I finished reading through the Gospel of John this morning in the Passion Translation. There were three portions that stood out as essential lessons in discipleship. Because they were spoken after Jesus’ resurrection, they are imbued with a profound level of meaning and authority. A clear voice from the other side of death.
First, Jesus admonishes Thomas for his need to see the manifestation of Jesus in his risen body, comparing him to those who believe without having to see:
“Thomas, now that you’ve seen me, you believe. But there are those who have never seen me with their eyes but have believed in me with their hearts, and they will be blessed even more!” (Jn. 20:29)
If I am to walk in a manner pleasing to the Lord, as a true disciple, I do not wait for physical evidence of his grace, his power, his purpose. I seek truth moment by moment, and respond in obedience to the Holy Spirit’s leadership. I am to do this whether I understand it or not, and whether I see physical evidence of his presence or not.
Second, I don’t base my path of discipleship on my past. Jesus says to Peter,
“When you were younger you made your own choices and you went where you pleased. But one day when you are old, others will tie you up and escort you where you would not choose to go…” (Jn. 21:18)
Having been a Christ-follower for some 35 years now, I am not accountable to who I was in relationship to him 35 years ago, but who I am in relationship with him now. As a minister of Christ, I don’t simply make my own choices and go where I please, as I did when I was young. I am called to make choices that are pleasing to him and only go where he calls me to go. This is the only way I can stay on the right path or effectively disciple others. I am to do this even if it leads me to a peculiar type of suffering and death, as it did Peter.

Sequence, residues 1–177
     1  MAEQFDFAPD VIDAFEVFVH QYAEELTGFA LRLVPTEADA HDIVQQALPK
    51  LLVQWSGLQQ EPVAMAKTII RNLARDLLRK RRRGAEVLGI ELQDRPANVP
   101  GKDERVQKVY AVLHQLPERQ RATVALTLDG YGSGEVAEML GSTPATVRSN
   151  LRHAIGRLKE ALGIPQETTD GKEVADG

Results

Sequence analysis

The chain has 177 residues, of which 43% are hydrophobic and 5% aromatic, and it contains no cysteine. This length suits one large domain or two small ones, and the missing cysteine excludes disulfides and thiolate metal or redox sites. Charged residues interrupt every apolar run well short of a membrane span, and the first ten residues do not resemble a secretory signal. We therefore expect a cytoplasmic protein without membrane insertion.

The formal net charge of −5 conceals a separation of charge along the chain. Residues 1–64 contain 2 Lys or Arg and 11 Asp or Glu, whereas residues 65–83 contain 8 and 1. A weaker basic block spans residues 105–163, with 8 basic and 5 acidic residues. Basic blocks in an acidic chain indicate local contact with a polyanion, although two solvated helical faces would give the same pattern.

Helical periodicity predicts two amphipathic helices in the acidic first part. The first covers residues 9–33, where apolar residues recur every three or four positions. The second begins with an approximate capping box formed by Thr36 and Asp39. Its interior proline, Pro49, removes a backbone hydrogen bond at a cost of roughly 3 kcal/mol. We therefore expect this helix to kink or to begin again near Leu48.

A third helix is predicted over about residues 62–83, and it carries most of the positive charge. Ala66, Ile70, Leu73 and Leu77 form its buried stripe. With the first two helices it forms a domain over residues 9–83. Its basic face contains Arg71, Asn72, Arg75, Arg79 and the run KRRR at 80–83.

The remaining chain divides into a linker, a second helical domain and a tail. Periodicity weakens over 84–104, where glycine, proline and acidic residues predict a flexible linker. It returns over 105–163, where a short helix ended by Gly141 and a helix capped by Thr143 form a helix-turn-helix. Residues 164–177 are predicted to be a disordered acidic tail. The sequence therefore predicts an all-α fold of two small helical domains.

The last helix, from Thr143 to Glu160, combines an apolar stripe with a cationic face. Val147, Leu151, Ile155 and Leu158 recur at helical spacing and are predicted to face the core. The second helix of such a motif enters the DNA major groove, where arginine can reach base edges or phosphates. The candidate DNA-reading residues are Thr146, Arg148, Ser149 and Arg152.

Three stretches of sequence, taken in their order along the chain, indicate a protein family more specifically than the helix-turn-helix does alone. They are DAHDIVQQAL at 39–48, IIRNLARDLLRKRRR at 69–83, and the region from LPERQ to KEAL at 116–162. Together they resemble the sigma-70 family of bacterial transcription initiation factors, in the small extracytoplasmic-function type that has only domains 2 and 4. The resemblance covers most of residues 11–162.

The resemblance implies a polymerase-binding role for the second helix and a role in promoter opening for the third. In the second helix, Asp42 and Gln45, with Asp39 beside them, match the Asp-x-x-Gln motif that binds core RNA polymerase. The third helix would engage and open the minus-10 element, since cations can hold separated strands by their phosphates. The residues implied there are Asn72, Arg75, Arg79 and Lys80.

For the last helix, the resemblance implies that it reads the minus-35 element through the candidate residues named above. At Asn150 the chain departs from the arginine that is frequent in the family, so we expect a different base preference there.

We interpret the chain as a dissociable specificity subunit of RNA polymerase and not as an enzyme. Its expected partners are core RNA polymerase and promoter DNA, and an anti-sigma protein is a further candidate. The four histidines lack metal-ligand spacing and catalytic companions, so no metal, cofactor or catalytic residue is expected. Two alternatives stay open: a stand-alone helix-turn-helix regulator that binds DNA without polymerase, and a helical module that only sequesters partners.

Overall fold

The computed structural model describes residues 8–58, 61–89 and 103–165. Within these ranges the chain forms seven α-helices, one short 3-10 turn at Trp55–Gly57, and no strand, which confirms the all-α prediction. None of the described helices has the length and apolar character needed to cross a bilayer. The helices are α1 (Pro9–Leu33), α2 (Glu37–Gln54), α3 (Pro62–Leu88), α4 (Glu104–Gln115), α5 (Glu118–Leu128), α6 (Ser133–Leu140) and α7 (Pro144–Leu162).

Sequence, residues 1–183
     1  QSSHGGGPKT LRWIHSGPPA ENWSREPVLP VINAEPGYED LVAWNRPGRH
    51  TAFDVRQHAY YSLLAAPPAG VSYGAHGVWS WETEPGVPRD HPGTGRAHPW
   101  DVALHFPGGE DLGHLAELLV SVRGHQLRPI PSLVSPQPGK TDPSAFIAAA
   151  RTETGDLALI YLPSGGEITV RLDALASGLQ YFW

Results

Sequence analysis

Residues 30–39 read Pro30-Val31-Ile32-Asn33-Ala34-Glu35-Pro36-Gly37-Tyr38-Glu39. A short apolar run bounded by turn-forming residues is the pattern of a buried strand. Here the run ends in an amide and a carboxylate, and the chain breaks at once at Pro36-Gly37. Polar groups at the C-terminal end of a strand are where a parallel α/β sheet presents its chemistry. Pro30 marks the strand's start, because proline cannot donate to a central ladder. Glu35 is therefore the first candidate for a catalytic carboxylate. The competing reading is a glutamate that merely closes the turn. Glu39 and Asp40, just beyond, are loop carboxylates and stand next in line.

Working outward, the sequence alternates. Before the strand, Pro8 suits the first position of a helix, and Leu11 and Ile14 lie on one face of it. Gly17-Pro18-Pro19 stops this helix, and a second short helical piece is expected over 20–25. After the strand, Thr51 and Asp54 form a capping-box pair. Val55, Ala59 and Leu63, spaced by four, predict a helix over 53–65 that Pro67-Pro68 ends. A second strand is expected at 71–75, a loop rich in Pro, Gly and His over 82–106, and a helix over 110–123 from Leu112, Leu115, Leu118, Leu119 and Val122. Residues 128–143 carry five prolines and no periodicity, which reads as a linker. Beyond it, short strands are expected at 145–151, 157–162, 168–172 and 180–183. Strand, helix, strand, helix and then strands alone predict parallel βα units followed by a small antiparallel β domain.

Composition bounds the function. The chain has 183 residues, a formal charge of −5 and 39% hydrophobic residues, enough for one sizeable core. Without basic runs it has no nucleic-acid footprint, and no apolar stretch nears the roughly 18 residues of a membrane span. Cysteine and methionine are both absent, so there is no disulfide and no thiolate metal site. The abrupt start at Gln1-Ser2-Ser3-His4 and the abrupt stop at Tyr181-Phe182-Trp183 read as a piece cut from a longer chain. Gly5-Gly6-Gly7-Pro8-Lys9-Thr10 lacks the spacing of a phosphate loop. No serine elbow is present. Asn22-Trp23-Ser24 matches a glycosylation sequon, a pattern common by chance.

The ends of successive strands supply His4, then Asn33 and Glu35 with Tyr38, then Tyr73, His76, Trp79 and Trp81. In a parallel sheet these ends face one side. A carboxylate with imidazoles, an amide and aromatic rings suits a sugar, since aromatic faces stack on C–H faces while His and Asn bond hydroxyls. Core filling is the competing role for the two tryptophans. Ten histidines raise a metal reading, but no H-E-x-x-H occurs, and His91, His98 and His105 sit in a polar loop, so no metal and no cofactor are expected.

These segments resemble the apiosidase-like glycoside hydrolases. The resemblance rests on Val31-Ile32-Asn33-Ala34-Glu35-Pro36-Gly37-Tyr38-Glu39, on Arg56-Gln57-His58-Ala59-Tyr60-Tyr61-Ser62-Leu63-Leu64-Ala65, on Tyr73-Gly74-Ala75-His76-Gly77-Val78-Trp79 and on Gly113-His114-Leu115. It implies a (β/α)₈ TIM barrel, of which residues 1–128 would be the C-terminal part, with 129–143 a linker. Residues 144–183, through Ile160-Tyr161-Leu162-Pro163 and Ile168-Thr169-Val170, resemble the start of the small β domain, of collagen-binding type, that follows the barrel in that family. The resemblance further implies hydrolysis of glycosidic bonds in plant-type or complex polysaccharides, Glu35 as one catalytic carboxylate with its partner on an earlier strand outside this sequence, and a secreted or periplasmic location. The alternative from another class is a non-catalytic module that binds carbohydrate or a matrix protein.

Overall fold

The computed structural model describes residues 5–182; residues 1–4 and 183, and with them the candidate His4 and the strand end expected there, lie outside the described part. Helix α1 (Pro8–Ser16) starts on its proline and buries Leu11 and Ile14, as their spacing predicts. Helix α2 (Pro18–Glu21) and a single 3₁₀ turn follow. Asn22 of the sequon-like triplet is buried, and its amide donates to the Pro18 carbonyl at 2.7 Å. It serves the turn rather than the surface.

Third, I am not to compare my journey with Christ to anyone else’s as a basis for my obedience. When Peter asks Jesus about his plans for John, he replies,
“If I decide to let him live until I return, what concern is that of yours? You must still keep on following me.” (Jn. 21:22)
It’s not my business what Jesus has planned for those around me, except to the extent that I can bless and encourage them to pursue his plans. I’m not to compare myself with others, or take offense if they have a different calling, or criticize how they walk it out. This usually leads to jealousy, covetousness, stuckness. It is sufficient to take heed unto myself (see Lk 8:18, 17:3; 1 Cor 10:12; 1 Tim 4:12; 1 Tim 4:16). God watches over his servants, helping them each to stand secure in the respective places and purposes to which he has called them.
So–we don’t wait for physical signs to choose faith and obedience. We don’t look to the past as our standard for discipleship in the present or future. And we don’t seek validation by comparing our progress or purpose with others.
I think I got it, Jesus. Now, please help me to live it.
Peace, love and joy in him, and Thanksgiving blessings to all who read this!
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